Moving away from PS2 and immediately starting work on PS3, Naughty Dog’s Bruce Straley, who’s also director on The last of Us, said that they had warped expectations of what PS3 could do, believing the then new console would be able to render movie-like visuals. Obviously that wasn’t true, and although Naughty Dog is able to come pretty close, building an engine from scratch at the start of a generation for a console you thought would be so powerful, only to find out that none of it was true, add on top of that the complex build of the PS3′s cell technology, induced only chaos at Naughty Dog.
Hence the studio’s new stance. No new engine at the start of a console generation. Just optimization, a la Infinity Ward’s Call of Duty: Ghosts strategy.
Here’s Straley, in an interview with Digital Spy:
We learned a big lesson coming from PS2 to PS3.
There was a lot of hype over what next-gen was going to be. It was all going to be like movies, like a pre-rendered cutscene-style fidelity.
That turned out not to be true. Granted, what we’re able to do now is pretty damn close, but it took Naughty Dog four games to get there – one of the top developers in the industry with some on the most amazing scientists working in our programming department.
We scrapped everything at the beginning of Uncharted 1, and we had a perfectly good engine with the Jak & Daxter franchise.
We could have started with something there and then built off of it and only changed the pieces and parts as we needed, when we needed. And that really caused a lot of turmoil.
Again, we were creating a new IP, with a new engine, with a lot of weird expectations. Nobody had a dev kit soon enough, and as we all know, trying to figure out how to program for a whole new piece of hardware was really difficult.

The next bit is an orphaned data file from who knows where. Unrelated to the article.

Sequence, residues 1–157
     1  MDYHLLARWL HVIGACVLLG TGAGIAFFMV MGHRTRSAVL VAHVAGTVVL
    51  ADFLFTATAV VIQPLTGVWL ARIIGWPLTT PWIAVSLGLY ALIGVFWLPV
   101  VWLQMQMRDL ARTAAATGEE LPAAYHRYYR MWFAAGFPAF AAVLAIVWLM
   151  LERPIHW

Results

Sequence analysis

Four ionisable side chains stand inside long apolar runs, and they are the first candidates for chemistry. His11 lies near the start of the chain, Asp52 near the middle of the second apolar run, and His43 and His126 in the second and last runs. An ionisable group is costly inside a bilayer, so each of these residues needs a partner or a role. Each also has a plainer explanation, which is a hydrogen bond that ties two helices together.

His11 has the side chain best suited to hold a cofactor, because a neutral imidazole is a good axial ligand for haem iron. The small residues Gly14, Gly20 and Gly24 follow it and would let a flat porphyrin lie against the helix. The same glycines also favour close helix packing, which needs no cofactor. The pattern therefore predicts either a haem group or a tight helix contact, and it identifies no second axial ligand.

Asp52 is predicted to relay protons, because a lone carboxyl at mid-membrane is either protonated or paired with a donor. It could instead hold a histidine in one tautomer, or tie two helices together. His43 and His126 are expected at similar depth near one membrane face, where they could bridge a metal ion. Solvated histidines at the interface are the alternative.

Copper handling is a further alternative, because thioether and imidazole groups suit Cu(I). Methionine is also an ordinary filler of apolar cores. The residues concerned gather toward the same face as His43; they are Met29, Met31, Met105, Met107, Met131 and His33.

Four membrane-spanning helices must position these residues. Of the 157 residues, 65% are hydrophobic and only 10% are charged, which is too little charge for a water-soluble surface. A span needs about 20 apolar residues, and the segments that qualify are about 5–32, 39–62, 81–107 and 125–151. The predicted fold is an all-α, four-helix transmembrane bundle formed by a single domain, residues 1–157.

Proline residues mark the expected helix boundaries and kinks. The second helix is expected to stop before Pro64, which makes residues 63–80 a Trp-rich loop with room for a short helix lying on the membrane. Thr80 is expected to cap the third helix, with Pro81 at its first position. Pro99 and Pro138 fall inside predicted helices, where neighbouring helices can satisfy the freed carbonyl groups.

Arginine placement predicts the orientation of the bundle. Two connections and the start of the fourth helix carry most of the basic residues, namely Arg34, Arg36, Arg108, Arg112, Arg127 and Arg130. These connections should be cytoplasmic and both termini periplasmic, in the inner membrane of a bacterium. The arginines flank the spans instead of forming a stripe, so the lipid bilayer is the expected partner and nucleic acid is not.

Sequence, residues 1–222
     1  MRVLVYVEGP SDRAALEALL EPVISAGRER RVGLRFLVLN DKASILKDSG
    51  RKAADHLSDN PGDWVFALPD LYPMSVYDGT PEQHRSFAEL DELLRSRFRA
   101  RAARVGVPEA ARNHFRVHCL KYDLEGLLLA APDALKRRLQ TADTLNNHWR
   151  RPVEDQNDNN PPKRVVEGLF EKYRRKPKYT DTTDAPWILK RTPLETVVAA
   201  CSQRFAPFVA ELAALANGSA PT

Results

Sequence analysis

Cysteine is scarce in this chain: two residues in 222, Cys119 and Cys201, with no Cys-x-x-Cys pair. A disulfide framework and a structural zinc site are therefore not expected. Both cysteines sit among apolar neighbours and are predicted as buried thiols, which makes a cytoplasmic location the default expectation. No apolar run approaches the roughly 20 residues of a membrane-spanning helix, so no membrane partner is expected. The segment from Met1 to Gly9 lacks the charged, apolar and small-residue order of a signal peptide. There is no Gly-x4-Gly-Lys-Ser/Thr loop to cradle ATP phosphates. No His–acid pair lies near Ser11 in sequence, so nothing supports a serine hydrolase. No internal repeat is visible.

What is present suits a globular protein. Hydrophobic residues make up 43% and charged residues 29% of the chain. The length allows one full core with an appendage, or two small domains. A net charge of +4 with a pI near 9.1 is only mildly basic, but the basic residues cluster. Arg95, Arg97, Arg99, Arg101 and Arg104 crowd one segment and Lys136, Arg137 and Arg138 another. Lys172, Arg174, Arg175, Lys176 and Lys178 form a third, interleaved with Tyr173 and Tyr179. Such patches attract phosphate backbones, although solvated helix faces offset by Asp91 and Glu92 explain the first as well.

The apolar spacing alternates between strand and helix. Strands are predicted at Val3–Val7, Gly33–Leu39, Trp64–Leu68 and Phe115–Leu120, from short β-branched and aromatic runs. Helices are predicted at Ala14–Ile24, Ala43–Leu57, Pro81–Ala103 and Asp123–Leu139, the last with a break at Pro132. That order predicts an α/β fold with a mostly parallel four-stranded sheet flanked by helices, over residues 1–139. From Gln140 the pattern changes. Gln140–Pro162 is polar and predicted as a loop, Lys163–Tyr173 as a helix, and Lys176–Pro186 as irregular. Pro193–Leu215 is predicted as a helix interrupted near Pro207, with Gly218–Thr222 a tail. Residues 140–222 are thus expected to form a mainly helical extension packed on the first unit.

We learned our lesson in saying, as we move into development into next-gen, we want to take our current engine, port it immediately over as is and say, ‘Okay, we have a great AI system, we have a good rendering system’.
We have all these things that already work. Only when we hit a wall will we say, ‘When do we need to change something? When do we need to scale it?
‘When does the gameplay, when does the story, when does the world that we need to create – when does this engine hit the wall? Right, now we need to change this part of the engine.’
Hindsight’s 20-20, and it sounds obvious to say it, but it’s one of those things that you learn in development. We’ve gained something from this experience, and now we want to apply it moving into next gen.
We have not a clue as to what the renowned developer is working on for PS4, however we’re sure that one of Sony’s top studios isn’t sitting around smiling at its PS4 developer kit.
Naughty Dog’s The Last of Us goes on sale June 14th. See the first review here. It’s a perfect 5/5.